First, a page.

As Brian Walshe’s Google searches show: How you can never REALLY clear your history

As Brian Walshe’s grisly Google searches show: How you can never REALLY delete your internet history, as “keyword warrants” can force the tech giant to identify users searching for incriminating search terms

  • Walshe’s research into decomposition now forms the basis of a murder trial
  • The tech giant keeps Google searches even when users delete their history
  • Police can request warrants for disclosure of Google data in criminal investigations
  • Keyword search warrants allow police to locate even unknown suspects

Brian Walshe’s grisly Google search history following the disappearance of his wife Ana is now the basis of a murder trial – although her body has not been found.

The data cache, including searches for “how long before you can inherit,” has been saved by the Silicon Valley giant — as it has with all users, even if they believe they’ve wiped all traces of their personal devices.

Walshe, 47, who is accused of murdering Ana in the basement of her home in Cohasset, Massachusetts, used his son’s iPad to search for “10 ways to dismember a body” and “Does baking soda make a body smell good?” search.

Not only does Google store this information, but law enforcement agencies can force tech companies to hand over the data with warrants.

This goes even a step further with controversial “keyword searches,” where authorities can ask Google to find users who have performed incriminating searches.

Brian Walshe this morning pleaded not guilty to beating his wife Ana to death when prosecutors presented a mountain of evidence against him, including Google searches of divorce, murder, dismemberment and decomposing bodies

Brian Walshe this morning pleaded not guilty to beating his wife Ana to death when prosecutors presented a mountain of evidence against him, including Google searches of divorce, murder, dismemberment and decomposing bodies

Google has come under pressure from internet privacy activists, and in 2020 the tech giant’s CEO Sundar Pichai announced an auto-delete feature to delete stored search and location data after 18 months.

Previously, the information was stored by the company indefinitely.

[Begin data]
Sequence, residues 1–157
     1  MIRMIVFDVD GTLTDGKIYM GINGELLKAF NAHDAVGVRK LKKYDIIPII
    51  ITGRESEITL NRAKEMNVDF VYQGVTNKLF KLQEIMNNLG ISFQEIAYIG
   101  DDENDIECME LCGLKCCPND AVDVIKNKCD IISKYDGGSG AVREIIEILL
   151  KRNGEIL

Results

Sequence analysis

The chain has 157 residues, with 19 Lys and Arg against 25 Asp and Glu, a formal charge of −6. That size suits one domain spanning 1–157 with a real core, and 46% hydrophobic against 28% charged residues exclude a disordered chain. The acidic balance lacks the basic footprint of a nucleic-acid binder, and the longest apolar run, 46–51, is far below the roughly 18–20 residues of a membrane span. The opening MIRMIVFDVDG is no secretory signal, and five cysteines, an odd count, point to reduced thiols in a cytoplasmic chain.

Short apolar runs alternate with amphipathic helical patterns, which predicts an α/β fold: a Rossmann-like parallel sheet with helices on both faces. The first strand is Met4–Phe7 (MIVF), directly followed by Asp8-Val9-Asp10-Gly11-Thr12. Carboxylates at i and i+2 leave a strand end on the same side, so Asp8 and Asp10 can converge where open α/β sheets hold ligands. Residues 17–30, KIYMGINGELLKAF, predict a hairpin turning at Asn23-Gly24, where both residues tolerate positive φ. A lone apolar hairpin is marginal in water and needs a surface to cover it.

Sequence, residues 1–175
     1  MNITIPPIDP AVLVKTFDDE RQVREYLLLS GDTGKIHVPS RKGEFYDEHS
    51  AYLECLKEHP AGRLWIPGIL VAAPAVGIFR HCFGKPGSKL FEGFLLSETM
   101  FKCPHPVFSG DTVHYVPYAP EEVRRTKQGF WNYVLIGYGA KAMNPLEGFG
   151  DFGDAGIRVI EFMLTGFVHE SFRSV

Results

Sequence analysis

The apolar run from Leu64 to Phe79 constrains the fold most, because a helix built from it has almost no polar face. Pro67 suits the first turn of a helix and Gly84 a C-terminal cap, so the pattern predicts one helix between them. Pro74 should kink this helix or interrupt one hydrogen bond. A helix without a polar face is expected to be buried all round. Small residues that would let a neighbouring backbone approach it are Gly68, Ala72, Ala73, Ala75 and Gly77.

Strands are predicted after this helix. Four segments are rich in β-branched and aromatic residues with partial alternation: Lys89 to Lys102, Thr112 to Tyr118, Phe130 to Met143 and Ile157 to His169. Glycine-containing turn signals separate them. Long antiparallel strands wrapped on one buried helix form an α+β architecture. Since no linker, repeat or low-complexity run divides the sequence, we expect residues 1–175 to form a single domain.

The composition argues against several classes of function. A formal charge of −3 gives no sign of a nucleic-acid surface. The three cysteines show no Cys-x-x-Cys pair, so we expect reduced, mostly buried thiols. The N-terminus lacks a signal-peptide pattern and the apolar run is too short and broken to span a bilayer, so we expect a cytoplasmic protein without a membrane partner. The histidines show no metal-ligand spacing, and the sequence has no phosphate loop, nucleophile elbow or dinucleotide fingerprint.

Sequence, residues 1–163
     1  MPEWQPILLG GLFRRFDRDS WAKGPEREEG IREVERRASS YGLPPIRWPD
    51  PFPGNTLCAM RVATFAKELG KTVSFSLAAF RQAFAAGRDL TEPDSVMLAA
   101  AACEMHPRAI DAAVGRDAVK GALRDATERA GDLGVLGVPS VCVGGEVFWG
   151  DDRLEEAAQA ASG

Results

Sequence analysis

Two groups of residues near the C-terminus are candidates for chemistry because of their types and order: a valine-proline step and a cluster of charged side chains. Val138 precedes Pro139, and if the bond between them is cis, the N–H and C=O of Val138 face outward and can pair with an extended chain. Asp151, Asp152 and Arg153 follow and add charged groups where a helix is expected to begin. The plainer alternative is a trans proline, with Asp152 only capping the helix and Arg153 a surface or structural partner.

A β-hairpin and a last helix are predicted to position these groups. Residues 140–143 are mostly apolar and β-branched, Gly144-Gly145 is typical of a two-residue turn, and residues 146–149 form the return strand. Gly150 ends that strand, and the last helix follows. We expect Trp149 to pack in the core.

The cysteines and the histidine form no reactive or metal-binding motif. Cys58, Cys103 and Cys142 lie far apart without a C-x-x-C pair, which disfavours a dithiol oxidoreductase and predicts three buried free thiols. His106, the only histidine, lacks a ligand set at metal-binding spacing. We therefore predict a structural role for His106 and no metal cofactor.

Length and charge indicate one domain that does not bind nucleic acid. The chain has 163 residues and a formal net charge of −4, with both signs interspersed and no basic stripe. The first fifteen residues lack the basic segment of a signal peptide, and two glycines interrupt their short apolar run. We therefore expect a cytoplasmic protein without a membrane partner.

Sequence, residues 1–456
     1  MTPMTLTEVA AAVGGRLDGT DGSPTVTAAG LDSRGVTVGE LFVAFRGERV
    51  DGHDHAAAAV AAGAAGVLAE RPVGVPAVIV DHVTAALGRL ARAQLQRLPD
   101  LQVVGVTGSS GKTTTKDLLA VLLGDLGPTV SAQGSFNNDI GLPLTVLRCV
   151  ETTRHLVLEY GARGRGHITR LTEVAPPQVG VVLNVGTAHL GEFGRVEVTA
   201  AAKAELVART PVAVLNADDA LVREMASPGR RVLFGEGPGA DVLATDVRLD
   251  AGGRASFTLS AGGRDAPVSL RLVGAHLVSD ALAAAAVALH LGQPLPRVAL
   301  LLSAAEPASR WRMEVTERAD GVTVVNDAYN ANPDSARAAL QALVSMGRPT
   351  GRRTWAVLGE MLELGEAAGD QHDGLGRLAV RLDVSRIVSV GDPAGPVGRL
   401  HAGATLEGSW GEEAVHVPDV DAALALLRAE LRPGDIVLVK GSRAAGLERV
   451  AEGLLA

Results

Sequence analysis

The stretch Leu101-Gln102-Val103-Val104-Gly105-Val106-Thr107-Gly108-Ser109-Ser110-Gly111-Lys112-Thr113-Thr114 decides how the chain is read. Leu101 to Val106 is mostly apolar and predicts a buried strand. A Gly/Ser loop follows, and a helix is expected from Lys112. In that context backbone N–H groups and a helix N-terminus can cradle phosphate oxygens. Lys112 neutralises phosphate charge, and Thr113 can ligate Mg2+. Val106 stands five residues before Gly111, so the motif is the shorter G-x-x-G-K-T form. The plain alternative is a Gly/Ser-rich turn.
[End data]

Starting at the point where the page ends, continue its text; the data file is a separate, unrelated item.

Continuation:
The feature was applied to all new Google accounts by default – but it had to be activated by existing users.

Despite these safeguards, law enforcement can force tech giants like Google to unblock searches — and they can even go a step further with “keyword commands,” which alert authorities when specific search terms are used.

The practice was exposed in the arson case of Michael Williams — an associate of convicted sex offender R. Kelly — who set fire to an accuser’s car in Florida in July 2020.

Investigators sent a keyword command to Google requesting data on “users who searched the apartment’s address just prior to the arson.”

Google CEO Sundar Pichai announced an auto-delete feature in 2020 to delete saved search and location data after 18 months. The feature was applied to all new Google accounts by default - but it had to be enabled by existing users.

Google CEO Sundar Pichai announced an auto-delete feature in 2020 to delete saved search and location data after 18 months. The feature was applied to all new Google accounts by default – but it had to be enabled by existing users.

Google provided IP addresses – a unique identifier used by internet service providers – of people searching for victims’ home addresses.

The data was tied to a phone used by Williams, allowing police to pinpoint his device to a location near the scene of the arson during the crime.

Williams was sentenced to eight years in prison for attacking an SUV outside the home of one of the singer’s accusers.

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Emma Colton

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